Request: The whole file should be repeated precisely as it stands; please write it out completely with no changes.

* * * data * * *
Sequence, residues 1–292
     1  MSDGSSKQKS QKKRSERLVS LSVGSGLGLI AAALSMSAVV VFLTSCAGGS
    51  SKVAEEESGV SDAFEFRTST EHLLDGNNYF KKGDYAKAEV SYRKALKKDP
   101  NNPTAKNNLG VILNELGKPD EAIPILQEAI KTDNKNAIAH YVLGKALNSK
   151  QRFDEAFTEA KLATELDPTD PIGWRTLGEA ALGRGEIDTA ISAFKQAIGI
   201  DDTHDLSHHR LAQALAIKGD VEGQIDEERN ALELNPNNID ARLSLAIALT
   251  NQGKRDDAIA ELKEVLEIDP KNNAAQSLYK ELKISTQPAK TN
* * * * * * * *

Sequence, residues 1–292
     1  MSDGSSKQKS QKKRSERLVS LSVGSGLGLI AAALSMSAVV VFLTSCAGGS
    51  SKVAEEESGV SDAFEFRTST EHLLDGNNYF KKGDYAKAEV SYRKALKKDP
   101  NNPTAKNNLG VILNELGKPD EAIPILQEAI KTDNKNAIAH YVLGKALNSK
   151  QRFDEAFTEA KLATELDPTD PIGWRTLGEA ALGRGEIDTA ISAFKQAIGI
   201  DDTHDLSHHR LAQALAIKGD VEGQIDEERN ALELNPNNID ARLSLAIALT
   251  NQGKRDDAIA ELKEVLEIDP KNNAAQSLYK ELKISTQPAK TN